The dog still lay dead and stiff as the planks in the construction lot.
She shivered and knew it shouldn’t be this hard as she reached not with her hands but something else, as if she could find a spark of heat within and take hold. She reached past the fur and skin and stiffness as her hands hurt and her lungs tightened and still she kept reaching.
And then she felt it, and took hold, and between one moment and the next, the dog’s body softened, slackened. Its limbs twitched and its chest rose once, paused, fell, and a moment later rose again, before the beast stretched, and sat up.
Dominic scrambled to his feet. “Dios mío,” he whispered, crossing himself.
Sydney sat, gasping for breath, and rested her head against Dol’s muzzle. “Good dog.”
* * *
Victor smiled. He was having a fabulous time killing Eli. Every time he thought his friend had given up, he pulled himself back together, and gave Victor the chance to try again. He wished it could go on awhile longer, but at least he was quite certain, as Eli’s body buckled in pain, that he had his full attention. Eli gasped, and staggered to his feet, nearly slipping on the blood.
The floor was slick with it. Most of it was Eli’s, Victor knew. But not all.
Blood ran down one of Victor’s arms and over his stomach, both shallow cuts made by a wicked-looking kitchen knife Eli had managed to recover from the floor the last time Victor shot him. The guns were both empty now, and the two men stood bleeding, across from one another, each armed—Eli with a serrated knife, and Victor with a switchblade.
“This is a waste,” said Eli, adjusting his grip. “You can’t win.”
Victor took a deep breath, wincing faintly. He’d had to turn his own threshold down because he couldn’t afford to bleed out, not yet, and certainly not without noticing. He could hear the distant sirens of the cop cars. They were running out of time. He lunged for Eli, and managed to skim his shirt before Eli knocked the blow away and drove his own blade down into Victor’s leg. He hissed as his knee buckled beneath him.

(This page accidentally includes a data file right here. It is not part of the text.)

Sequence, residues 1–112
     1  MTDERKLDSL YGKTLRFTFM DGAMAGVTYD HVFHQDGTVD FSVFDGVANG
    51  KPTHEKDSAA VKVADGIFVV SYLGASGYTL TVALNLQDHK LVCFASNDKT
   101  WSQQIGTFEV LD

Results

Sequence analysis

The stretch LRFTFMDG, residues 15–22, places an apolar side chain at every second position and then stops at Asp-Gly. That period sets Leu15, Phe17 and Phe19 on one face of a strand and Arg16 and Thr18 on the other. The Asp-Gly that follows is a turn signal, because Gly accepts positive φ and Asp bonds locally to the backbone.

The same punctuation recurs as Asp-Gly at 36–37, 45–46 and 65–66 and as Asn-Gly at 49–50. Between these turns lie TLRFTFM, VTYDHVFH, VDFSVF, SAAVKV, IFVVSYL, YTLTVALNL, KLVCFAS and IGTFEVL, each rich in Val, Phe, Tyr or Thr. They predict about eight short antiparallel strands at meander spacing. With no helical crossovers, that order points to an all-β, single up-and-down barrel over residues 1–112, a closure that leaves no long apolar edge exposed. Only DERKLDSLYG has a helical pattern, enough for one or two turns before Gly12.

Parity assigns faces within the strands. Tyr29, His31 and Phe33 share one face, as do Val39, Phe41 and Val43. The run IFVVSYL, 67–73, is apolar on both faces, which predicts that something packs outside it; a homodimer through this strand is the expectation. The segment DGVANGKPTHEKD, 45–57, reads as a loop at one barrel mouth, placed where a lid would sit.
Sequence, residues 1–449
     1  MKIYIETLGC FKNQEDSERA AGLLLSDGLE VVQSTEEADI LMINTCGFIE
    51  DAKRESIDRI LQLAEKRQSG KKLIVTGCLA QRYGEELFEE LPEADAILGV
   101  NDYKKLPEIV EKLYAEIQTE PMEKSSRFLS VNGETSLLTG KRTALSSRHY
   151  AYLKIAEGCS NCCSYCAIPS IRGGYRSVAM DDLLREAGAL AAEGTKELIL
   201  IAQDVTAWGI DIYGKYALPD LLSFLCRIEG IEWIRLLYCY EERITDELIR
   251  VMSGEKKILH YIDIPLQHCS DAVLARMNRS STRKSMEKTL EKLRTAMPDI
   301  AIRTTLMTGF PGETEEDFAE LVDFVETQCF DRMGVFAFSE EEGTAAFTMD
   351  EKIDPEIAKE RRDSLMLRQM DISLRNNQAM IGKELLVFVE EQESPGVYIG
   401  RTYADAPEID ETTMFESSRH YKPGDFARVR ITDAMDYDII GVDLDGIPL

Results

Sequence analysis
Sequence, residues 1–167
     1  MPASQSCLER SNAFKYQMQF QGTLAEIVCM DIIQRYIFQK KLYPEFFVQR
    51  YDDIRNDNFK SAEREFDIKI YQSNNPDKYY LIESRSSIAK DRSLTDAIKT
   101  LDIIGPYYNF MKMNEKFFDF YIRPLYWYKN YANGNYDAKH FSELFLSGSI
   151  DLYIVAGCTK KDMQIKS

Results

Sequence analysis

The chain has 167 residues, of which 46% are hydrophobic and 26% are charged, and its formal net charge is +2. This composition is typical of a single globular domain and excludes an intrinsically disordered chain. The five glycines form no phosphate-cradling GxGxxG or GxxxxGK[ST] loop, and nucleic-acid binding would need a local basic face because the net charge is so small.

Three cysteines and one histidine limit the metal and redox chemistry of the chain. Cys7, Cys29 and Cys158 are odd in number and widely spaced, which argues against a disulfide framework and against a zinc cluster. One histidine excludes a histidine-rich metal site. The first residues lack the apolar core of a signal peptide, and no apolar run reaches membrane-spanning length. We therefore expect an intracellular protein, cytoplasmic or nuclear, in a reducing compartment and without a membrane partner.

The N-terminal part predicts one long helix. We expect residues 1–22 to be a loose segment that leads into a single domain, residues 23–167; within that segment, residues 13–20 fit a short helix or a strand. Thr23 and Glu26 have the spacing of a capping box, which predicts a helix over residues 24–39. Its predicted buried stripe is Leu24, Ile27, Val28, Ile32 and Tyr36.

“What was your plan?” chided Eli, reaching out, not for Victor, but for the chair, for something coiled on it, something Victor hadn’t noticed until Eli’s hands took hold of it. “You hear the cops coming? They’re all on my side here. No one’s coming to save you.”
“That’s the idea,” coughed Victor as his eyes focused on the thing in Eli’s hand. Metal wire. Razor sharp.
“You and your ideas,” hissed Eli. “Well, I’ve been planning, too.”
Victor tried to find his feet, but he was too slow. Eli looped the wire in the air, and brought it down around Victor’s wrist, the one with the knife, pulling hard. The wire dug in, slicing through skin and drawing blood, forcing Victor to drop the blade, which clattered to the concrete. Eli caught his free hand in a crushing grip, and wound the wire around that one, too. Victor pulled back, but the cord only bit deeper into his skin.
The wire, he noticed then, was threaded through the chair itself, which Eli must have fastened to the ground because it never moved, not during the fight, and not now when Eli yanked his end of the cord and the slack drew in, forcing Victor’s hands toward the bars of the chair back. Blood ran down his wrists, too fast. His head was beginning to spin. He could hear the sirens now, loud and clear, and thought that he could even see the red and blue of the police lights through the plastic curtains. Color danced before his eyes.
He smiled grimly, and shut off the last of the pain.
“You’ll never kill me, Eli,” he goaded.
“That’s where you’re wrong, Victor. And this time,” he said, cinching the wire, “I’m going to watch the life bleed out of your eyes.”
* * *
Mitch watched Serena’s body burn, and tried not to listen to the sounds of gunfire coming from inside the high-rise. He had to trust Victor. Victor always had a plan. But where was he? And where was Dominic?
He refocused on the body and the task at hand until red and blue lights began to flash beyond the wood walls, colors cast up against the darkened building. That wasn’t good. The cops weren’t in the yard yet, but it was only a matter of minutes before they swarmed the place. Mitch couldn’t risk the broken gate of the front entrance so he rounded the building toward the gap in the walls, only to find Sydney leaning over a half-dead Dol, and Dominic standing over both, praying silently.